Kaid Benfield Archive


Another model for retrofitting suburbia: the university campus

Kaid Benfield

Posted March 31, 2009 at 1:35PM

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In the early 1990s, Diane Dulken, who used to direct communications in NRDC's Washington office (and now has a consulting business in the Pacific Northwest), posed a fascinating idea for recycling dysfunctional suburbs:  reshaping auto-dependent "office parks" into mixed-use communities modeled on the traditional university campus.  While Diane's concept may have been before its time then, it could not be more timely now.

Much of commercial suburbia is falling on very hard times during the recession as companies and big-box stores are cutting back and closing locationsoffice park outside Chicago (by: EPA Smart Growth, creative commons license)Even before the recession, demographic and real estate guru Chris (Arthur C.) Nelson was reporting that fully 24 percent of our nonresidential development becomes obsolete each decade, with the typical lifespan of retail development less than 20 years.  Nelson estimated in 2006 that 63 billion square feet of nonresidential building space would go out of service just between 2000 and 2025.  Surely the recession has only raised those numbers.

To squeeze lemonade from lemons, this will present a multitude of sites with tremendous redevelopment opportunity when the economy recovers.  And turning some of these concrete failures into campus-like communities might actually be one of the easier approaches.  Here's what Diane wrote in Planning back in 1992:

"The campus is generally at the heart of a self-contained-neighborhood. It offers a vibrant mix of public and private spaces, linked by pedestrian routes. Housing, work, shopping and recreation are all quickly and easily accessible. Most important, the campus offers ample open spaces, making it particularly attractive to suburbanites.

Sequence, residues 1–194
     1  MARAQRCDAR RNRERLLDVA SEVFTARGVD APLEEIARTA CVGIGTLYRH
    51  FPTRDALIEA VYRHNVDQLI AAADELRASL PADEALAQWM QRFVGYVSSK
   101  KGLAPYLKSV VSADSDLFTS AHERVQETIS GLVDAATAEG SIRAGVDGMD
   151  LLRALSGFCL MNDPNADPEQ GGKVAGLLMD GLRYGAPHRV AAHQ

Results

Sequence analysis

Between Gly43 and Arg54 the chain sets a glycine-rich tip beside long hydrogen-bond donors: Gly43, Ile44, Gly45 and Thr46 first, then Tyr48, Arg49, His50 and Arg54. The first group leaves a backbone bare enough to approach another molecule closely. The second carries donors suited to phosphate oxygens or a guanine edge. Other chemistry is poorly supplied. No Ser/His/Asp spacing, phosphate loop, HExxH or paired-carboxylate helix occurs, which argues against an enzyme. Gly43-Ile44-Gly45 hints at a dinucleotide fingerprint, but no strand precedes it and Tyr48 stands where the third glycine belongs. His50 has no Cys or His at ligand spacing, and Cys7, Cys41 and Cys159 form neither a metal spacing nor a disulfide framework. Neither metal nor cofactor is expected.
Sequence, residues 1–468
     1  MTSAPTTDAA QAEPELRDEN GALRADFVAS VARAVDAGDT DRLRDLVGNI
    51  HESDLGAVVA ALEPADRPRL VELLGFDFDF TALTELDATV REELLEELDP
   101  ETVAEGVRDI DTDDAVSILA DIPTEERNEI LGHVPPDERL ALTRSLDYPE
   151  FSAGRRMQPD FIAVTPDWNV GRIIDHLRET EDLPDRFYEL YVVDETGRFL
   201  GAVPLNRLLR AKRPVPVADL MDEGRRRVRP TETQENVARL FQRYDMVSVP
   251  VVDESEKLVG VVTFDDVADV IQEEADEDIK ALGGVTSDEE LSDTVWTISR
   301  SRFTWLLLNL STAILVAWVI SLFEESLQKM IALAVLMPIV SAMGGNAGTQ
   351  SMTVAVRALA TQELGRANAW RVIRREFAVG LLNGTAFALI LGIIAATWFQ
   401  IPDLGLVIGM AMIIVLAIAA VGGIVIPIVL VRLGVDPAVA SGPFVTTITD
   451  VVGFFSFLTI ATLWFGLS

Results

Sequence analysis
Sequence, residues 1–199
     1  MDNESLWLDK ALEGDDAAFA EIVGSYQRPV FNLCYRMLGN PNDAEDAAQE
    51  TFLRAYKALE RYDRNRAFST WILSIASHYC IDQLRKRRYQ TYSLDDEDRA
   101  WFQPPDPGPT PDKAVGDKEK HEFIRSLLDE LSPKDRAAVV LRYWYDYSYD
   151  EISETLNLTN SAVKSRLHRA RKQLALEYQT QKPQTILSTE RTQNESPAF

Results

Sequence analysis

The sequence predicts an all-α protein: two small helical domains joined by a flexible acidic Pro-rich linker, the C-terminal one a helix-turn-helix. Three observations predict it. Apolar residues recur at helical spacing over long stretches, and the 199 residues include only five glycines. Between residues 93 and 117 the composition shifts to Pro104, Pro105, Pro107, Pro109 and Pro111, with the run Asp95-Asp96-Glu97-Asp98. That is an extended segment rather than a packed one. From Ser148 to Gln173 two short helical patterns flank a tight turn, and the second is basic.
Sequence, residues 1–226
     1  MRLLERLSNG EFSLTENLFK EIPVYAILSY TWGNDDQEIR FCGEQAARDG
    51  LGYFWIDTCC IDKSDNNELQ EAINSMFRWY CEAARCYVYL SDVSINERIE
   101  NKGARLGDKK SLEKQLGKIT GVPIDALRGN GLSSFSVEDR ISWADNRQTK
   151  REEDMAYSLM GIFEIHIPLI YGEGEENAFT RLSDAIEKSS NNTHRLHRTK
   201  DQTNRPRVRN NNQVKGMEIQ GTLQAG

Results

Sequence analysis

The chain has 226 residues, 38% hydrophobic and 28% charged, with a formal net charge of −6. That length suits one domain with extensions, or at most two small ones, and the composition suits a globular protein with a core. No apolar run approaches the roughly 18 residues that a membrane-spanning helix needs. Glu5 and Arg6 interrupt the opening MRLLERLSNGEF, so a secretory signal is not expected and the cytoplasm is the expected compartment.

"In fact, the university campus generally adheres to the basic principles of a neotraditional town. It puts a variety of functions within reach of pedestrians (while offering other transportation choices as well); it offers housing for people of different incomes and lifestyles, from single parent to classic family to elderly; and it restores public life by creating streets and plazas where people can gather comfortably.

"It's easy to imagine what a university-style district could be like. Instead of classrooms think of offices; instead of dormitories, apartments and townhouses. Greenville College, Greenville IL (by: Joel Goodman, creative commons license)Instead of a student union, a university-style district would support a community center and child care facilities. Other components of university life translate directly: films and plays, swimming pools, tennis courts, and gymnasiums; shopping districts on the campus edge; and a variety of housing, from multifamily to mansions, radiating from the campus . . .

"The first university-style district could well be a retrofit of an existing office park, perhaps one that has run into financial trouble during the early stages of development and whose developers might be receptive to a different strategy."

Likewise, I would think, for one that has run into financial trouble later in its existence.  Some of the building stock would already be in place, and the vast parking lots that usually accompany the form could be used for lawns, pocket parks and additional buildings that increase the diversity, walkability and density of the current form.  It's an intriguing concept, if also one that needs to be elaborated and thought through.  Diane wants to revive the idea now that retrofitting suburbs is enjoying more attention from planners, and it will be interesting to see where she and others might go with it.  Visit her website here.

  This is his 300th post on Switchboard.